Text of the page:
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Le mew? Le purrrrrrr. January 6, 2011

Filed under: Interesting — celebrationgoddess @ 8:53 am

THINKING THURSDAY – (enjoy learning something new!)

Pepe Le Pew is 66 today and still has his jenna sequa!!! Mwah!

A French skunk that always strolls around in Paris in the springtime, when everyone’s thoughts are of “love”, Pepé is constantly seeking “l’amour” of his own. However, he has one huge turnoff to any prospective mates: his malodorous scent. Furthermore, he cannot take ‘no’ for an answer, blissfully convinced that the girl is flirting with him, even when she physically assaults him. Pepé is stereotypically French in the way Speedy Gonzales is stereotypically Mexican. So let’s wish Pepe joyeux anniversaire and celebrate by eating some stinky cheese!!!


Taleggio: It’s not the prettiest cheese to look at but, unlike most stinky cheeses, Taleggio really doesn’t smell so bad. Appreciated for its strong taste and soft texture, this Italian cheese is becoming more and more popular on a national level and it’s even getting ready to make its debut on foreign markets.

Pont l’Eveque: This smelly French delicacy is one of the oldest known types of cheese, dating back to the 13th century. To be honest, it smells like it’s that old too. This isvthe kind of food you want to keep wrapped-up in the fridge, unless you want everything else smelling like it.

Blue Stilton: It has been called the king of English cheeses on more than one occasion and if you subscribe to “the smellier the better” school, you’ll definitely want to try it. The texture of this British cheese varies from hard and crumbly to very soft, almost butter-like, depending on how mature it is. The older the cheese the softer and smellier it is.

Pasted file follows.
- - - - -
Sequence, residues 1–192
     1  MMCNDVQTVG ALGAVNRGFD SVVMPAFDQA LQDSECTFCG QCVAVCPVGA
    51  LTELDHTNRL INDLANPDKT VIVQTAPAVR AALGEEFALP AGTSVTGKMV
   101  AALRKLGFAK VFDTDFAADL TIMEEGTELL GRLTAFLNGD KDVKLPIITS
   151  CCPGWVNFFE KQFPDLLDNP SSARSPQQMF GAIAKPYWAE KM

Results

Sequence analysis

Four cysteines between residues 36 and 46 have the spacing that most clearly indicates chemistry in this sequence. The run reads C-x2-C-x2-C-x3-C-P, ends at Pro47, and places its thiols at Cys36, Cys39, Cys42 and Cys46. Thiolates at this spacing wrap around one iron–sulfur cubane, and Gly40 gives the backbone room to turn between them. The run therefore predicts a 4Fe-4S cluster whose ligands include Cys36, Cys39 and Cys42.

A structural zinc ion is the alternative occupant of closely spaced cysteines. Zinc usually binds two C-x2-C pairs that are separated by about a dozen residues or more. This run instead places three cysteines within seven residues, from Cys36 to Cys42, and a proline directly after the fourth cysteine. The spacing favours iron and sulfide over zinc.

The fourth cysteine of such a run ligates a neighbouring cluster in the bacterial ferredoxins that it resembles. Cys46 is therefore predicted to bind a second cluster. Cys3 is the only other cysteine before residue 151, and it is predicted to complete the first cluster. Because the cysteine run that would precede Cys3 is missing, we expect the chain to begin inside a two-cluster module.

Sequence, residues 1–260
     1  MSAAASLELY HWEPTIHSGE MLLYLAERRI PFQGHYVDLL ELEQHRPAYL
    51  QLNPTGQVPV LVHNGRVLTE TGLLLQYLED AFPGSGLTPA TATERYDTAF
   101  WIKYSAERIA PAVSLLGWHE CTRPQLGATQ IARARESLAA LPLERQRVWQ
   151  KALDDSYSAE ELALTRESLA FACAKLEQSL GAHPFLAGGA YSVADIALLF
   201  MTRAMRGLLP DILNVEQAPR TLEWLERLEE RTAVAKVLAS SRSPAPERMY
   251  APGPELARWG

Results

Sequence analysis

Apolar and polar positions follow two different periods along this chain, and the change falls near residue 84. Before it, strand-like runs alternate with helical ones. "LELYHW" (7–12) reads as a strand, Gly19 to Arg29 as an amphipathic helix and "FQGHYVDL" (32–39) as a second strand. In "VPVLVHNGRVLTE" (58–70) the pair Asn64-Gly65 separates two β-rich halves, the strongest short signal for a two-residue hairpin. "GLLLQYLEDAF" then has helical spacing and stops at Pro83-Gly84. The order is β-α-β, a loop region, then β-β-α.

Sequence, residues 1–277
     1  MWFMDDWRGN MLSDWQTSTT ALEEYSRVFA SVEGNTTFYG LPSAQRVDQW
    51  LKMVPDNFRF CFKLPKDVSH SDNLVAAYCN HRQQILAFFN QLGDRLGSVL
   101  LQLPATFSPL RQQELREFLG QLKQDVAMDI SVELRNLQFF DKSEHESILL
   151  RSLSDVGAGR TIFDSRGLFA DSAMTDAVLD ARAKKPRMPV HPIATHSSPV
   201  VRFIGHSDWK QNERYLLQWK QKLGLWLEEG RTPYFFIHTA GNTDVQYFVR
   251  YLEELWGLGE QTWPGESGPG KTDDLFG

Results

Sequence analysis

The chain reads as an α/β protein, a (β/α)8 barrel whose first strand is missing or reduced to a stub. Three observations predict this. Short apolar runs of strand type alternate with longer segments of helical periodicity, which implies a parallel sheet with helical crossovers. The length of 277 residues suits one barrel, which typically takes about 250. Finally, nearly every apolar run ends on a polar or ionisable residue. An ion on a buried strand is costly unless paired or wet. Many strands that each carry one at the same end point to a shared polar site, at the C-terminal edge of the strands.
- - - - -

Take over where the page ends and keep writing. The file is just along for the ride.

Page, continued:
Stinking Bishop: One of the oldest types of cheese in the world, Stinking Bishop dates back to the time of the Cictercian monks. It’s produced out of pasteurized Gloucestershire-cow’s milk and then washed with Stinking Bishop Pear juice, which makes the rind orange and really sticky.

Camembert: Despite smelling like “God’s feet”, Camembert is France’s favorite cheese and the bestseller after Emmental. It is now a subject of a war between the small traditional producers and the country’s industrial dairies who want to use pasteurized milk instead of raw.

Limburger: Mainly produced in Germany, Limburger is perhaps the most popular of all smelly cheeses. It is fermented using Brevibacterium linens, a bacterium partly responsible for the smell of the human body. As a result, when people say limburger smells like human feet they are scientifically correct.

Brie de Meaux: Just for the record, this is not the kind of pasteurized-milk Brie that you can find on the American market. We’re talking about the original, raw cow’s milk Brie that the French love so much. It’s a very creamy cheese, covered by a thick, white mold crust which true cheese-connoisseurs say should be eaten, not thrown away.

Munster: This French cheese is often called “Monster Cheese” due to its unbearable odor. It comes from the French region of Alsace where it’s produced from raw cow’s milk and left to mature in damp cellars. Its rind is washed regularly with salted water.

Epoisses: One of Napoleon’s favorites, Epoisses is definitely one of the smelliest cheeses you can find. Just so you get an idea of its repulsive odor, you should know that Epoisses has been banned from public transportation vehicles all over France. It is made from raw cow’s milk and its rind is washed with pomace brandy.

Laugh, learn and liven up your taste buds!